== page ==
Bollinger’s most well-known vehicle so far is its extremely boxy B1 electric sport utility vehicle, but now they have a brand-new curvy concept meant for delivery fleets. It’s called the Deliver-E, and it’s an electric delivery van Bollinger plans to start building in 2022.
The vaguely Tootsie Roll-shaped Deliver-E may look as different from the B1 as possible on the outside, but Bollinger says they’re leveraging the company’s existing technology, engineering and components to make this concept van a reality—and start production in just two years. Its motors, inverters, battery and gearboxes are shared with the rest of Bollinger’s all-electric lineup.
Yet the Deliver-E is specifically built for deliveries, with a low load floor height of 18 inches, a height tall enough to walk in and a high-strength steel frame that Bollinger designed for 10 years of durability.
The Deliver-E is scalable to multiple sizes to fit a range of different uses, with vans that fit into medium-duty classes 2B, 3, 4 and 5. It’s a front-wheel-drive platform with independent front and rear suspension, so it’s relatively easy to change up what’s behind the front axle.
It will also come with a wide selection of battery packs: 70, 105, 140, 175, and 210 kWh. The maximum range offered for the Deliver-E is 200 miles, but Bollinger Motors CEO Robert Bollinger told the New York Times that many delivery runs are shorter than that, and budget-conscious businesses may opt for smaller battery packs accordingly. A 100 kWh DC fast-charging system fuels those batteries.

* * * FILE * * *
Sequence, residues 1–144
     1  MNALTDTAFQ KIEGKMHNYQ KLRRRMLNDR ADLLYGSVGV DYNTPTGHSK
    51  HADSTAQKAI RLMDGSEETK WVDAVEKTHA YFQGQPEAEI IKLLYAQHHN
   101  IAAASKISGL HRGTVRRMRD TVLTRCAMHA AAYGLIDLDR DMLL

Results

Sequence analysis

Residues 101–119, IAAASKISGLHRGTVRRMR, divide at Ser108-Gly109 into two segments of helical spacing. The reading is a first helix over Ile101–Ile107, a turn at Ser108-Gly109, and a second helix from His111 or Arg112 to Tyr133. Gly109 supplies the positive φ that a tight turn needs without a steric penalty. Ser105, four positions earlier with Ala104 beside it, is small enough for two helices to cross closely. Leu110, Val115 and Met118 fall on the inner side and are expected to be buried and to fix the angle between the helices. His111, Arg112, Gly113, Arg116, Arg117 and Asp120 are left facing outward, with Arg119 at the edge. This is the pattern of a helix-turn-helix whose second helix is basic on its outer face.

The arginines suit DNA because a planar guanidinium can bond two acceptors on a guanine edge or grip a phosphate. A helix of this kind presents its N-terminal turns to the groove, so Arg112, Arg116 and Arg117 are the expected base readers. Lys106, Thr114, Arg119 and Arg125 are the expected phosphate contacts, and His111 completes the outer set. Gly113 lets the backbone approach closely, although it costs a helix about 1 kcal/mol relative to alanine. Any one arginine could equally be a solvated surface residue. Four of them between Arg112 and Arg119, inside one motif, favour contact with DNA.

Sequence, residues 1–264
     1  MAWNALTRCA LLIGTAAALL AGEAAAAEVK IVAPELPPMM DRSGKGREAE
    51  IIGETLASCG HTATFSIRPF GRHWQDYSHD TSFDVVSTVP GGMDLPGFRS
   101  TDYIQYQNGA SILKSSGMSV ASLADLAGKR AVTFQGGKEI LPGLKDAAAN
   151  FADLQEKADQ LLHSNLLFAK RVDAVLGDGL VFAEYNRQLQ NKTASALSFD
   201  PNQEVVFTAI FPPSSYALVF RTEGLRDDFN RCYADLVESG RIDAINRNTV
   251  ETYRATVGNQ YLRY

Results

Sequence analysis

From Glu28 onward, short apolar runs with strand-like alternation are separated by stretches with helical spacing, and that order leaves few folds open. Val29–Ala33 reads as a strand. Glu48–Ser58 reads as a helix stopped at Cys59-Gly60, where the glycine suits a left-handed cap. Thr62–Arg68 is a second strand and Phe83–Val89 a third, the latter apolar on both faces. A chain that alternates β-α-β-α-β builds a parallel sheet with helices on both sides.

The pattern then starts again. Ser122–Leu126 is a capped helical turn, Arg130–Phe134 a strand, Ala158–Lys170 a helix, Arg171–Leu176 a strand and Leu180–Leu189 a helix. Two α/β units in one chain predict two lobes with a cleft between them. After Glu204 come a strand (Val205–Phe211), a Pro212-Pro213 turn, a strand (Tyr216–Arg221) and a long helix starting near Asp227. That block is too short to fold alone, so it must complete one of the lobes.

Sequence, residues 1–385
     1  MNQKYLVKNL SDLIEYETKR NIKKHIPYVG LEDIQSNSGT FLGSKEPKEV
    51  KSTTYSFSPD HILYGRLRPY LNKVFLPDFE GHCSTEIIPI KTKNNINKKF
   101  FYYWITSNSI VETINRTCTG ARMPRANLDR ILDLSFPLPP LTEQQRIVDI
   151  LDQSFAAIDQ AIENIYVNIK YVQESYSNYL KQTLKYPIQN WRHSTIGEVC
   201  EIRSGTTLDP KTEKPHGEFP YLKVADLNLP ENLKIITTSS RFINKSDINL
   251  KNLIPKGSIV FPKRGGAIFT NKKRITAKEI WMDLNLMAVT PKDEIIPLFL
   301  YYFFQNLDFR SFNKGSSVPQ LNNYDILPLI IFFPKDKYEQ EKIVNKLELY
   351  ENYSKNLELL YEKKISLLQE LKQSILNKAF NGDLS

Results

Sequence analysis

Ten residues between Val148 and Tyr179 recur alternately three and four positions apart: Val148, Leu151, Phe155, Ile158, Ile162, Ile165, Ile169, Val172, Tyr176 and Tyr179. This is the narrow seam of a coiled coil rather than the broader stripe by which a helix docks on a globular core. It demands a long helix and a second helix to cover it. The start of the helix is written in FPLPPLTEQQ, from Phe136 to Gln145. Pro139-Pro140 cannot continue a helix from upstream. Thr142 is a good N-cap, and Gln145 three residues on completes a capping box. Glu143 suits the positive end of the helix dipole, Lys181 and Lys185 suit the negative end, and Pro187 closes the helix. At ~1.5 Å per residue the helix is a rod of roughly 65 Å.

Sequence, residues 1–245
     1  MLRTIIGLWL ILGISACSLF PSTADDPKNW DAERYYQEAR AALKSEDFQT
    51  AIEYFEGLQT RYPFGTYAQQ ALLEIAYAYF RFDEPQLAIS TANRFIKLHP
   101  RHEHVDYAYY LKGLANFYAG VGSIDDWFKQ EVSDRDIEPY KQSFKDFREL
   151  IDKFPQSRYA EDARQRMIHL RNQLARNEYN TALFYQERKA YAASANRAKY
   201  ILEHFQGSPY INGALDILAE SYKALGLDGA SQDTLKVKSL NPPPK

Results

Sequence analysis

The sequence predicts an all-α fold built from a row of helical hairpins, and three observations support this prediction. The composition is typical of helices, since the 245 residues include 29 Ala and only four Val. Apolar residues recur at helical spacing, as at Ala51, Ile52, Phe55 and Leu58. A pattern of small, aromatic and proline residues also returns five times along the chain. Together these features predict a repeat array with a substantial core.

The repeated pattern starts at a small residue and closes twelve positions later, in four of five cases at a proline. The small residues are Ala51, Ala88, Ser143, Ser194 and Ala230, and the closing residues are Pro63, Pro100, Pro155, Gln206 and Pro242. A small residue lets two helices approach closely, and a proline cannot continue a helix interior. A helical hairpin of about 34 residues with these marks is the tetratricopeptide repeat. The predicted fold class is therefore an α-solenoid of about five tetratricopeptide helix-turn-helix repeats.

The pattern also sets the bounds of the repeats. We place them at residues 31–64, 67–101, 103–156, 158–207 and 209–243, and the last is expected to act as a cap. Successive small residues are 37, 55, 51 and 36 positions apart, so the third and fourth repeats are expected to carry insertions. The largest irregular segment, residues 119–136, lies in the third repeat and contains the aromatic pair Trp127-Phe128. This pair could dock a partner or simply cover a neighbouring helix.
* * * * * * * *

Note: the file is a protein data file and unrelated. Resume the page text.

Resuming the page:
All of these different options allow Bollinger to offer a variety of wheelbase lengths, mileage ranges and thus, price points.
Bollinger also claims that the total cost of ownership of the Deliver-E will be much less than that of similar gas and diesel vans on the market. Of course, the all-electric fleet van will pollute less, too.
This is all part of the race to outfit the lucrative fleet market with electric vehicles, especially as more and more consumers rely on e-commerce. Robert Bollinger even told the New York Times that the impetus to build the Deliver-E came from competitors’ plans for delivery vans, so this certainly won’t be the last electric vehicle startup coming out with a delivery vehicle.
Got a tip? Send us a note: [email protected]
Source: Read Full Article